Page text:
So the situation that she does kind of get really thrown off her feet, and it happens to be a personal one with Ben where he kind of challenges her in a way that she challenged him in the beginning. And, she’s not able to – she doesn’t act. And she doesn’t recover well from that. But as far as – you know, as far as her work goes, and this is a – you know, this is a character that we have created so far that she’s drawn to conflict. You know, she has to have it. She loves it. She lives it. She breathes it. And so when it comes to her work stuff, she’s going to keep remaining fearless, but – you know, but again, that’s – the thing that drives her is her heart.
So it’s not to say that she doesn’t go into a circumstance, you know, without any kind of fear or you know doubting things, but it’s the fact that she does it. She doesn’t back away from anything when it comes to her work. But when it comes to her personal life this year, she does.
I noticed that Ben and Katie have a very David and Maddie type chemistry, but the show seems to be trying to avoid the Moonlighting thing where it’s strictly will they or won’t they, or when they, or, rather when will they. But because of the triangle, you can’t really be sure of anything with any combination. And I’m just wondering, what’s it like to play that?
Shahi: Well it’s – you know, I – after awhile, all the scripts kind of start getting very confusing in my head and I do kind of forget where I left off with what was the last dynamic with, you know, Ben or with Justin. So I have to be very certain of what the – what – how the relationship has evolved. And because we do shoot out of order, that’s something that, you know, takes a little bit of (unintelligible) going back in and remembering where we last stood.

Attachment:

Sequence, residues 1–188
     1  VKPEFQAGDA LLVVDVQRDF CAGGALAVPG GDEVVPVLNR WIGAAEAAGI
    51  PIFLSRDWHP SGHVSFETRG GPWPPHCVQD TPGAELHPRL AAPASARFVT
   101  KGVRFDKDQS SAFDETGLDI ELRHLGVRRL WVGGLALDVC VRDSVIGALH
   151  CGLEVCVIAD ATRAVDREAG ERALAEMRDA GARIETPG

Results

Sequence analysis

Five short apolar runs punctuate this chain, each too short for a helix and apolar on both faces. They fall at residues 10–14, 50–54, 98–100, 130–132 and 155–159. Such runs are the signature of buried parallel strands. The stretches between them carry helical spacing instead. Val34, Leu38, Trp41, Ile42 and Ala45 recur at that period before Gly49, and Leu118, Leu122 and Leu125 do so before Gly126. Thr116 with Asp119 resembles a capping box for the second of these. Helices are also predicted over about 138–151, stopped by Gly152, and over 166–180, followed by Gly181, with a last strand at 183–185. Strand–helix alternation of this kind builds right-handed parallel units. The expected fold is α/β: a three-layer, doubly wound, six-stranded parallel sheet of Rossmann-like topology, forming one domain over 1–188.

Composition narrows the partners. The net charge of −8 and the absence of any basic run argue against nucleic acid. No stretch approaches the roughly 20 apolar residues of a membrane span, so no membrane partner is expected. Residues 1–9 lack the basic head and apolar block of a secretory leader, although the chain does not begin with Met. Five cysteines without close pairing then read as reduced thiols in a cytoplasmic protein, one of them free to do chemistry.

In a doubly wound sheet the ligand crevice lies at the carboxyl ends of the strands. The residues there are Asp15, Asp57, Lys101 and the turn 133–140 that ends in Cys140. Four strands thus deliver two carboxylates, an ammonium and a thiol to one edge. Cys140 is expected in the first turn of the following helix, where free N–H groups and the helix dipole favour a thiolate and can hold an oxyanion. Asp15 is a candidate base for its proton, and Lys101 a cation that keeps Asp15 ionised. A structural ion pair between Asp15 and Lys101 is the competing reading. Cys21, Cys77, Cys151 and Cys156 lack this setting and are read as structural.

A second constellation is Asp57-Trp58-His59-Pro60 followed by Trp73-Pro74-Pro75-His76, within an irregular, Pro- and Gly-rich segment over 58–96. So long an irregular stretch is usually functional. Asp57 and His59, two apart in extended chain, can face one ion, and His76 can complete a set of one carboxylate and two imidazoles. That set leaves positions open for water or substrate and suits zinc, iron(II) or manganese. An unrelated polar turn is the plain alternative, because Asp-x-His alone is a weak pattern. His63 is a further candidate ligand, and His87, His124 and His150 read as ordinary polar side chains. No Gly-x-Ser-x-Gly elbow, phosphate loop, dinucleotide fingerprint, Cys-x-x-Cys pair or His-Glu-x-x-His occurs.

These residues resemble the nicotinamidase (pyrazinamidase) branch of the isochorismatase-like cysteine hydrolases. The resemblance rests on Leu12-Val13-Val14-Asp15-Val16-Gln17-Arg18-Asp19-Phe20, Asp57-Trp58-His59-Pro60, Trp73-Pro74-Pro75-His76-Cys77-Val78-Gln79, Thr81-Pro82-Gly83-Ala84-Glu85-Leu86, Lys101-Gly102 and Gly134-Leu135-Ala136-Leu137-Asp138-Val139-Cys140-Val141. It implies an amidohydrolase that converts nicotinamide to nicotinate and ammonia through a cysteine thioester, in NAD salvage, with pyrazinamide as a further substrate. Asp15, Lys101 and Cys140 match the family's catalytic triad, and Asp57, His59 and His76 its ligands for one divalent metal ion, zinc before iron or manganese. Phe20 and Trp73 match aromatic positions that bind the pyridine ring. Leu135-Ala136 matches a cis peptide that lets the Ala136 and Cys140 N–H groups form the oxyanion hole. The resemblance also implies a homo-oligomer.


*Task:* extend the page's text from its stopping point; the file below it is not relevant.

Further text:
And also knowing what we’re building to, you know, is kind of how we strategically are playing the scenes. And you know, it’s like you know placing the pieces of the puzzle to build to this really nice picture in the end. So yes – so it’s a dance. It’s a definite dance. But then again, that’s the stuff that I love playing. That’s what I feel like I’m actually good at. So we’ll see if everyone else agrees.
Well, the show’s a little more complex this year, and I’m finding that I like it a lot more than I did the first season, so I really appreciate the way it’s going. And thanks so much for taking the time to talk with us.
Shahi: Oh, sure. No problem. Thanks for listening to me.
So you mentioned – well you see Lauren and Kate move in, and so do we get to see more of them, like I guess out of work?
Shahi: Yes. Yes. There’s actually an entire episode that they spend together because they’re on a case together. So there is going to be – there’s going to be more interaction with Lauren. More interaction with everyone.
Yes, when I was watching it, you know, I love that they have such a great banter, even when they’re not, you know, arguing. Like they’re slightly arguing. And so sometimes that even more fun to see than, you know, when they’re yelling at each other.
Shahi: Yes, absolutely.
And my favorite was when she saw – when Kate sees Lauren about to go on a date and all the comments about her hair, that she actually has it, which is… It’s just a great moment.
And do we get to see anyone else more outside of the office? (Let me know) that we get to see more of Justin with is campaign a little bit more?
Shahi: Yes. Justin and the campaign, that comes along and – from the later episodes. And actually, we see every character in their home a few times throughout the season.
All right, that sounds interesting.
Because last season, it was mostly you know in the offices or off mediating. We didn’t get to see much branch out.
Shahi: Yes. No. No. We go to Justin’s, we go to Ben’s, we go to Leo’s. (Unintelligible).
Interesting. And if you had to say whose house reminds you most of that character? I can imagine Leo’s is just crazy.